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DDH: A letter to all expectant parents, or those of you with newborns

Dear expectant parents, or those of you with newborns,

I am sorry, I am that annoying woman, the one who wants to act like they know better than the health visitor, the one who always has something to say.

I act out of concern, out of wisdom, out of fifteen months of worry.

For fifteen months I have watched my two-year old daughter undergo intensive surgery, be bound in a half body cast and then learn to walk again.  I missed the toddling stage with her, she was never ‘into everything’, it took her so long to learn how to walk and when she finally did we operated on her and took that skill away.

My kid was a victim of late diagnosis of Hip Dysplasia.

DDH

Remember when you took your baby for a six-week check and they did the clicky hip test?  Yup that is the one, that is when any babies with hips out of joint should be diagnosed if it wasn’t picked up at birth.  Trouble is, it isn’t always.

Babies who are diagnosed within the first two months as having Hip Dysplasia (a dislocated or sublaxed hip-joint) are treated by Palvik Harness.  I imagine this to be very distressing for a mother of a newborn, the only comfort I can offer is this type of non surgical treatment offers an 85-95% success rate and doesn’t involve a surgeon’s knife.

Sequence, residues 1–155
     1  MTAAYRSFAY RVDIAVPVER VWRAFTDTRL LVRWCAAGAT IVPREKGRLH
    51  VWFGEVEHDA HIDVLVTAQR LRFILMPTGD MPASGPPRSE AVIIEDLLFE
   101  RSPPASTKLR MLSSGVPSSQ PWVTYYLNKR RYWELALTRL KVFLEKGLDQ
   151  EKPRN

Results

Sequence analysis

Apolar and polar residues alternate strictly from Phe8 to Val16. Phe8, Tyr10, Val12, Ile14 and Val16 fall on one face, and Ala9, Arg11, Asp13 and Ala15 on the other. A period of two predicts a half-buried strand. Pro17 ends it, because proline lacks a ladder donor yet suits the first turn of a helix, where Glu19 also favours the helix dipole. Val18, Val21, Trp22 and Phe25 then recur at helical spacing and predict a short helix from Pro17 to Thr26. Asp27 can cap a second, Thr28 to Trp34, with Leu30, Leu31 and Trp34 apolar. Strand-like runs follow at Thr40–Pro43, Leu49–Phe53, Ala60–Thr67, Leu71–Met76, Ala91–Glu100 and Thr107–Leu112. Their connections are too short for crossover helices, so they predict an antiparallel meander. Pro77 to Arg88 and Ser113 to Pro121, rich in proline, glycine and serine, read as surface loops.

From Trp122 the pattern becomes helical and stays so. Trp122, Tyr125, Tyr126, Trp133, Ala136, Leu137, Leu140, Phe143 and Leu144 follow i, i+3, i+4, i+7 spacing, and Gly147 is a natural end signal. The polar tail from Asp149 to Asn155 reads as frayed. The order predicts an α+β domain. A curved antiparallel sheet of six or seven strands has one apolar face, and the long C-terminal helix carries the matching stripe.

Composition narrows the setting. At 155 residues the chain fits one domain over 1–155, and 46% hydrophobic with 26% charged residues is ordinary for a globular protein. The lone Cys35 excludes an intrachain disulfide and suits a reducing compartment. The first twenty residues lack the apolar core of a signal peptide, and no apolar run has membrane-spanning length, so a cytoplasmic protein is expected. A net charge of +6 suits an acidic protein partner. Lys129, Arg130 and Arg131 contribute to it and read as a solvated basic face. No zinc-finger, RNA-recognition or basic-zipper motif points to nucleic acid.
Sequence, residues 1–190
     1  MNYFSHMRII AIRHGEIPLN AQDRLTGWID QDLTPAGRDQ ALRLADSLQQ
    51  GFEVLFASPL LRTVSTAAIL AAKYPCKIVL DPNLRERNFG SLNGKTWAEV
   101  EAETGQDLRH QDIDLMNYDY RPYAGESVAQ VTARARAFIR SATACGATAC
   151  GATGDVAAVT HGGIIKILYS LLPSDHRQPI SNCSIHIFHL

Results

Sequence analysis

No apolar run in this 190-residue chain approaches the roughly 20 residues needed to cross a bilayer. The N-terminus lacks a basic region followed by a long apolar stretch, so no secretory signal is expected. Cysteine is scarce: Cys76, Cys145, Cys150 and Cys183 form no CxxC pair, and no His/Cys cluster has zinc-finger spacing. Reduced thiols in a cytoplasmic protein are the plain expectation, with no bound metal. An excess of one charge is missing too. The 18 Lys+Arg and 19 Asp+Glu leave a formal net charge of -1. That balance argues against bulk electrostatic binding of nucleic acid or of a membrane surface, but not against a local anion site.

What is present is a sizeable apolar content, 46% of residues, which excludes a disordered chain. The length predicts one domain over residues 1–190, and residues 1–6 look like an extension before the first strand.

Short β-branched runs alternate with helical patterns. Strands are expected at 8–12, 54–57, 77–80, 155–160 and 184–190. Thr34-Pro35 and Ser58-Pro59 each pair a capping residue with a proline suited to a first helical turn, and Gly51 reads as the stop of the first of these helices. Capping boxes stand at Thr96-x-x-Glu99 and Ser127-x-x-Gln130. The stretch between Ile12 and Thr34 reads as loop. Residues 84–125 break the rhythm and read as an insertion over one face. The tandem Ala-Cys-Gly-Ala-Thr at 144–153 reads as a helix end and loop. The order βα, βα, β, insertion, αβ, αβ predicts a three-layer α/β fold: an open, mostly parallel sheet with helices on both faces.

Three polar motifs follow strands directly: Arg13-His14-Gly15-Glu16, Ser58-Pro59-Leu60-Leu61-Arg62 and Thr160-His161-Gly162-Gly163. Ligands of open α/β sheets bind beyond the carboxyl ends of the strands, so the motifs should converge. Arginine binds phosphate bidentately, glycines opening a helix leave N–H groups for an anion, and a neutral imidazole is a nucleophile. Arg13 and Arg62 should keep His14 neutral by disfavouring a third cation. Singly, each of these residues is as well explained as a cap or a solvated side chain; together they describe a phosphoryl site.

My health visitor didn’t know what Hip Dysplasia was, my GP missed it at the six-week check, when BB was admitted for epilepsy at eight months she was given a full physical examination; her DDH was missed.  BB underwent countless appointments because of her seizures, at each one we said we worried about her slow development; she never crawled, she didn’t sit unaided until nearly nine months, she walked at seventeen months.  She was examined physically, including her hips, at every check up.